|Johnny Pizo||Unknown||Unknown||Played a villager|||
|"Prince Leon" Polinsky||1918||1955||Played a villager|
|Meinhardt Raabe||1915||2010||Played the coroner|||
|Margaret Raia||1928||2003||Played a villager|||
|Matthew Raia||Unknown||Unknown||Played a city father|||
|Friedrich "Freddie" Retter||1913||Unknown||Played a fiddler and villager|
|"Little Billy" Rhodes||1895||1967||Played the barrister|||
|Gertrude H. Rice||Unknown||Unknown||Played a villager|
|Hazel Rice||Unknown||Unknown||Played a villager|
|Sandor Roka||1899||1957||Played a villager|
|Charles F. Royal||1900||1947||Played a soldier|
|Helen J. Royal||1897||1958||Played a villager|
|Stella A. Royal||1903||1959||Played a villager|
|Albert Ruddinger||Unknown||Unknown||Played a villager|||
|Elsie R. Schultz||1892||1987||Played a villager|
|Charles Silvern||1902||1979||Played a villager|
|Garland "Earl" Slatten||1917||1995||Played a soldier|||
|Karl Slover||1918||2011||Played the lead trumpeter, a soldier, a "sleepyhead", and a villager|||
|Ruth E. Smith||1895||1985||Played a villager|
|Elmer Spangler||Unknown||Unknown||Played a villager|||
|Pernell St. Aubin||1922||1987||Played a soldier|||
|Carl Stephan||Unknown||Unknown||Played a villager|||
|Alta M. Stevens||1913||1989||Played a villager|
|George Suchsie||Unknown||Unknown||Played a villager|||
|Charlotte V. Sullivan||1906||1966||Played a villager|
|Clarence Swensen||1917||2009||Played a soldier|||
|Betty Tanner||1916||1994||Played a villager|||
|Arnold Vierling||1919||1949||Played a villager|||
|Gus Wayne||1920||1998||Played a soldier|||
|Victor Wetter||1902||1990||The Captain of the Army|
|Gracie B. Williams||Unknown||N/A||Played a villager|
|Harvey B. Williams||Unknown||N/A||Played a soldier|
|Johnny Winters||Unknown||Unknown||Played The Commander of the Navy|||
|Marie Winters||1901||1979||Played a villager|
|Gladys V. Wolff||1911||1984||Played a villager|
|Murray Wood||1908||1999||Played a city father|||
Four child actresses are still living that appeared in the film.
|Betty Ann Cain Bruno||1931||Living||Child actress|||
|Ardith Dondanville Todd||1930||Living||Child actress|||
|Joan Kenmore||1931||Living||Child actress|||
|Shirley Ann Kennedy Vegors||1932||2005||Child actress|||
|Eva Lee Kuney||1934||2015||Child actress|||
|Rae-Nell Laskey||1930||1991||Child actress|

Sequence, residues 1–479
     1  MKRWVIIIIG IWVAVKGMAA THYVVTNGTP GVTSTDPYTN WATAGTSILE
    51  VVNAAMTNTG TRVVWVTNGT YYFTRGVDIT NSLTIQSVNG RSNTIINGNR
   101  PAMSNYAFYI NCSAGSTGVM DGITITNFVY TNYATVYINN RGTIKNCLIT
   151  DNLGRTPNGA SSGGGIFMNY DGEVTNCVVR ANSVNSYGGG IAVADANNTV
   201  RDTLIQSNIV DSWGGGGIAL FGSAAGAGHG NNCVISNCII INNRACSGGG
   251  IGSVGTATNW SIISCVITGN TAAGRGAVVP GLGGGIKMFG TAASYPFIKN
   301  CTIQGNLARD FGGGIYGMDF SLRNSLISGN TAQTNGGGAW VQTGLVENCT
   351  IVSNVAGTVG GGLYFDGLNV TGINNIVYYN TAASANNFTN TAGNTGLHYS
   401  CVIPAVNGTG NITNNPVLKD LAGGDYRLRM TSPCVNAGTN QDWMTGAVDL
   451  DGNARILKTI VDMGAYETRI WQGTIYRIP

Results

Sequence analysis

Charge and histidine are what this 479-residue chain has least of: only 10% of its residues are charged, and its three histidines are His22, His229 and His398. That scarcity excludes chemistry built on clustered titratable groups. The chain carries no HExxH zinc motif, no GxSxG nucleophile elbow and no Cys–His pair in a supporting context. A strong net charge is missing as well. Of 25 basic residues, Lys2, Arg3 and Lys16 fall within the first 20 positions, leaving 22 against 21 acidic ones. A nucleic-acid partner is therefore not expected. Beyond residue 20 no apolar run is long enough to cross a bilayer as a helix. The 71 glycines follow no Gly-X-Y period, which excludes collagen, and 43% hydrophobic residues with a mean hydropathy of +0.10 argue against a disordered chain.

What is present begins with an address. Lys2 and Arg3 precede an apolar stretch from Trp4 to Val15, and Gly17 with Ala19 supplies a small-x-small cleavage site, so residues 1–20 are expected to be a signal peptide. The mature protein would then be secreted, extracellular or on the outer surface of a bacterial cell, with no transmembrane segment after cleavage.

|Patsy May||1934||2013||Child actress|
|Elaine Mirk||Unknown||Unknown||Child actress|||
|Priscilla Ann Montgomery Clark||1929||Living||Child actress|||
|Valerie Shepard||Unknown||Unknown||Child actress|||
|Donna Jean Johnson Stewart-Hardaway||1933||2008||Child actress|
|Viola White||Unknown||Unknown||Child actress|
- The Munchkins appeared in The Wizard of Oz. When Dorothy and Toto first arrived in the Land of Oz after her house landed on the Wicked Witch of the East, the Munchkins have been hiding until Glinda the Good Witch arrived and had the Munchkins come out of their hiding place. During the musical number, Dorothy told them how she arrived in the Land of Oz and the Munchkins celebrate. The Mayor of Munchkinland and his assistant had to make sure that the Wicked Witch of the East is dead before the celebration continued. The coroner tells the Mayor of Munchkinland that the Wicked Witch of the East is not merely dead and that she is most sincerely dead while showing the Certificate of Death. The Munchkins then celebrate further as Dorothy receives gifts from the Lullaby League and the Lollipop Guild. Near the end of the song, the Wicked Witch of the West arrived causing the Munchkins to hit the deck. After the Wicked Witch of the West left, Glinda had Dorothy follow the Yellow Brick Road to the Emerald City as the Munchkins guide her out of Munchkinland.
- The Munchkins appeared in The Wiz and were played by children and teenagers.
- In The Muppets' Wizard of Oz, the Munchkins were played by Rizzo the Rat (who portrayed the Mayor of Munchkinland) and his fellow rats.
- The Munchkins appeared in Dorothy and the Witches of Oz. They were brought to Earth by Glinda in order to combat the forces of the Wicked Witch of the West.
- The Munchkins appear in Oz the Great and Powerful. They alongside the Quadlings and the Tinkers as inhabitants of Glinda's protectorate. Although the film is not otherwise a musical, the Munchkins sing and dance much as they do in the 1939 film.
- The Munchkins appear in Once Upon a Time.
- Emily and Per Ola d'Aulaire, "Mannequins: our fantasy figures of high fashion," Smithsonian, Vol. 22, no. 1, April 1991
- Harmetz, Aljean (2013). The Making of the Wizard of Oz (75th Anniversary Updated ed.). Chicago: Chicago Review Press. p. 193. ISBN 1613748329.
- GoogleBooks image for The Making of the Wizard of Oz p. 193.
- Jay Scarfone, William Stillman. The Wizardry of Oz: The Artistry and Magic of the 1939 M-G-M Classic. Hal Leonard Corporation. Retrieved 2014-02-02.
- Rob White, Edward Buscombe. British Film Institute Film Classics, Volume 1. Taylor & Francis. Retrieved 2014-02-02.
- Scarfone, Jay (2004). The Wizardry of Oz: The Artistry and Magic of the 1939 M-G-M Classic. Hal Leonard Corporation. p. 240. ISBN 1557836248.
- Rushdie, Salman (1992). The Wizard of Oz. Macmillan. p. 67. ISBN 0851703003.